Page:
At least two major organizations paused advertising on X after their ads appeared on an avowedly pro-Hitler account, according to a report.
Gilead Sciences, the California-based pharmaceutical giant, and NCTA — The Internet & Television Association, a trade association representing telecommunications companies, told CNN on Wednesday that they halted their ads on X.
The move was made after the liberal watchdog group Media Matters for America reported that several companies’ ads had appeared on an X profile titled “New American Union,” which included memes and content sympathetic to Hitler and the Nazis.
But a source familiar with the situation told The Post that the two brands lifted their pause and resumed advertising on the platform formerly known as Twitter after they received an explanation from the social media company.
NCTA disputed the source’s contention and said that its pause remained in effect as of Thursday afternoon.
The “New American Union” account has been suspended, according to the source.
Before its suspension, Media Matters listed several brand names whose ads appeared on the profile, including the Atlanta Falcons, Major League Baseball, Sports Illustrated, The New York Times Company-owned sports news site The Athletic, Office Depot, Samsung, Gallup, and USA Today.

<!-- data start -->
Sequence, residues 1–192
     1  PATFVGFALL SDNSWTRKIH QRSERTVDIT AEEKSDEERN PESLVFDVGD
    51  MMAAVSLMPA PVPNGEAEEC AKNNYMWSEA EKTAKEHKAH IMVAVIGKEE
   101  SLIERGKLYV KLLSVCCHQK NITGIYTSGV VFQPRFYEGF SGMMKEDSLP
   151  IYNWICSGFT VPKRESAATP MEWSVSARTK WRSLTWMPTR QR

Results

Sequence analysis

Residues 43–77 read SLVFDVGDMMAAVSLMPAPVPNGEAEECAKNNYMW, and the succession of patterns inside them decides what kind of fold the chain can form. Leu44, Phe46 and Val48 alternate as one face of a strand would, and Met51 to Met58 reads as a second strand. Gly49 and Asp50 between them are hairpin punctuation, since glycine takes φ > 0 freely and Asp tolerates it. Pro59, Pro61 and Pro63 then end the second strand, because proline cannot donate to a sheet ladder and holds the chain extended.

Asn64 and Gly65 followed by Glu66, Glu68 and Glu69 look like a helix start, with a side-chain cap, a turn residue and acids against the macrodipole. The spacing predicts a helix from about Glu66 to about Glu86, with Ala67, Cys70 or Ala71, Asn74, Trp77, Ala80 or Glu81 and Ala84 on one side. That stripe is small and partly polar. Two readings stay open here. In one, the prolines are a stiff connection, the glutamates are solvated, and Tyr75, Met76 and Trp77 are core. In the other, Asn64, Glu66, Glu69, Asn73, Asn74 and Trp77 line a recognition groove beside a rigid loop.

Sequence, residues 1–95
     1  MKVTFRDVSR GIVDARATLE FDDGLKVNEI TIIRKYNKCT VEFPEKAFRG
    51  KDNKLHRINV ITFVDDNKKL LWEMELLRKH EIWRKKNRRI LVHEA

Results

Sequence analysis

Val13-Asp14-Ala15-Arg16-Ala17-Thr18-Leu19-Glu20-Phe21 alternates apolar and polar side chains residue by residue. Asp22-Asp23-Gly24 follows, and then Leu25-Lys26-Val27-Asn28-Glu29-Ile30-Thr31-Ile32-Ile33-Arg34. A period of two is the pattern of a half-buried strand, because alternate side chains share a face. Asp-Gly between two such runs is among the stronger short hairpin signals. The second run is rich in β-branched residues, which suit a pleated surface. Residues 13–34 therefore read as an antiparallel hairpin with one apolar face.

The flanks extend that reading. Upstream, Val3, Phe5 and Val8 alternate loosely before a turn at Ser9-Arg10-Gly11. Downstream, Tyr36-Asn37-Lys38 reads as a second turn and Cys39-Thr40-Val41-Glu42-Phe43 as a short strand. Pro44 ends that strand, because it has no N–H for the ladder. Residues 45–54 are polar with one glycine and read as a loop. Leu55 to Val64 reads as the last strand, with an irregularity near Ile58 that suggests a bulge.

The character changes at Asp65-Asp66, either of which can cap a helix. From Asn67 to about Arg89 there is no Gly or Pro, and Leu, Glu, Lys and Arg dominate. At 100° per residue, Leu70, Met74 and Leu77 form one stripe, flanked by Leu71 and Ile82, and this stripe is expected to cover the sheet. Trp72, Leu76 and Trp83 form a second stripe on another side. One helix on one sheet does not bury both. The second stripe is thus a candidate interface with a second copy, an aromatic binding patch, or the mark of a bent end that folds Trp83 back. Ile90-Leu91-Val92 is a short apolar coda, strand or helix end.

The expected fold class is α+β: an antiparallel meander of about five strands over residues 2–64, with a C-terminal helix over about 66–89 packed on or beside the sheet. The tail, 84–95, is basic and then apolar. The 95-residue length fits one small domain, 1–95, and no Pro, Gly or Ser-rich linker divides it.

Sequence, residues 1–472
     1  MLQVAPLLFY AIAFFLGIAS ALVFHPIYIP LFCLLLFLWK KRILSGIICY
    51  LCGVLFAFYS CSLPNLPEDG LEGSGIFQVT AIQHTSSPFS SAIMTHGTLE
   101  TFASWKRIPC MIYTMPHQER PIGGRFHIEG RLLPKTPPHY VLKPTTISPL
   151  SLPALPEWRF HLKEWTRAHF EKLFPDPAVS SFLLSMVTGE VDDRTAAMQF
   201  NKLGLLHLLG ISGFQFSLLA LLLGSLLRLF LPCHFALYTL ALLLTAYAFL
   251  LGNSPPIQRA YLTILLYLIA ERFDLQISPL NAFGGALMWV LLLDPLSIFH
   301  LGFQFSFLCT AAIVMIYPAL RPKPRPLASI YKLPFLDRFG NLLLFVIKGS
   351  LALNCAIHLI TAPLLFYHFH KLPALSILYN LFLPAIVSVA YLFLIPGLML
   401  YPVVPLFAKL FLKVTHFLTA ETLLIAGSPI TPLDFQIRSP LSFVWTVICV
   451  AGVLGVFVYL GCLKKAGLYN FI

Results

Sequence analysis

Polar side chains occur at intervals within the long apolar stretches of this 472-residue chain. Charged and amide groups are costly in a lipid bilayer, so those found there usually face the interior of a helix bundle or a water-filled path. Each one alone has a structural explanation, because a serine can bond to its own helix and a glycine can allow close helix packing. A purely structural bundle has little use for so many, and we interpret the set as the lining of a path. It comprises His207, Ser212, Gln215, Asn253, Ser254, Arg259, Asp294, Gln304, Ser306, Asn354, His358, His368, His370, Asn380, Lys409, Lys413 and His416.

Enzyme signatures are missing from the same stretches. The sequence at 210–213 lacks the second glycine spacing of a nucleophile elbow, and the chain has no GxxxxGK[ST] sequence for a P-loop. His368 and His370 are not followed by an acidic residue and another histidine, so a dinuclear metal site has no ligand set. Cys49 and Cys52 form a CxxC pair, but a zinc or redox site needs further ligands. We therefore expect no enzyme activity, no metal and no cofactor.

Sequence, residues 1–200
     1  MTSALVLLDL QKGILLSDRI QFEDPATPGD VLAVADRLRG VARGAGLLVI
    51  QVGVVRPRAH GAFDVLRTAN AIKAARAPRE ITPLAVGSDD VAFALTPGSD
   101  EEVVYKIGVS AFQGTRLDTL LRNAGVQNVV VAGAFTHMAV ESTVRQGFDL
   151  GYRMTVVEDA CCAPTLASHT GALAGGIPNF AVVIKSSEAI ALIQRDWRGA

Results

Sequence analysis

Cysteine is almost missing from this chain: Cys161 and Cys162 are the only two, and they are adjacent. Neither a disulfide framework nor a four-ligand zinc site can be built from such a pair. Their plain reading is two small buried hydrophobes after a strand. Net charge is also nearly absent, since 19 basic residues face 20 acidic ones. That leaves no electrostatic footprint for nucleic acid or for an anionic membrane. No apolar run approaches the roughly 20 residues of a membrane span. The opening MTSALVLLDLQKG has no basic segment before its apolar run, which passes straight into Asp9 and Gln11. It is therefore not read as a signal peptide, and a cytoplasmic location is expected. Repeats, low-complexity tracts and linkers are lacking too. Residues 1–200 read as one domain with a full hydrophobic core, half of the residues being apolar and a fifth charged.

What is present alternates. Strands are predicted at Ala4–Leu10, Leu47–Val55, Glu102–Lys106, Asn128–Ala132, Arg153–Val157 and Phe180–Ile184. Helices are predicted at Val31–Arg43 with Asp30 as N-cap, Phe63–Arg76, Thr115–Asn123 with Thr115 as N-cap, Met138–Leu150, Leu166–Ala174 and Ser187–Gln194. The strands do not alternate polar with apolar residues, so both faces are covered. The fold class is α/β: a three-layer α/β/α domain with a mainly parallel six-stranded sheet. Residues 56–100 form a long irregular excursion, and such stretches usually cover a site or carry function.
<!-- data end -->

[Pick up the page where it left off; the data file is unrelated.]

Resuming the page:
“We take the responsible placement of NCTA ads very seriously and are concerned that our post about the future of broadband technology appeared next to this highly disturbing content,” NCTA spokesperson Brian Dietz told The Post.
“Brand safety will remain an utmost priority for NCTA, which means suspending advertising on Twitter/X for the foreseeable future and heavily limiting NCTA’s organic presence on the platform.”
The Post has sought comment from Gilead.
X told The Post that the companies whose ads appeared on the timeline of “New American Union” were following individual users who happened to migrate to the pro-Nazi account.
“No brand is specifically asking to be a part of that site,” X told The Post. “That’s not how it works.”
“If you look at targeting, brands follow people,” the company said.
“So if people go to a specific profile and they’re in that brand’s target, they’re following the people,” according to the company.”
X told The Post that “New American Union” boasted few followers and had “no reach, no virality in general” — so much so that the “ad impressions that did run were so minuscule.”
X said that it will be “evaluating if there will be changes and tweaks to their current control settings for advertisers.”
X under new CEO Linda Yaccarino, who was given a mandate by her boss, Elon Musk, to win back advertisers who fled the platform following the tech mogul’s $44 billion acquisition of what was then Twitter last year, has instituted a content moderation policy under the headline “freedom of speech, not reach.”
The company told The Post that content posted to X that is “awful but lawful” is given a “label on the back end.”
“It gets de-amplified and de-monetized,” the company told The Post.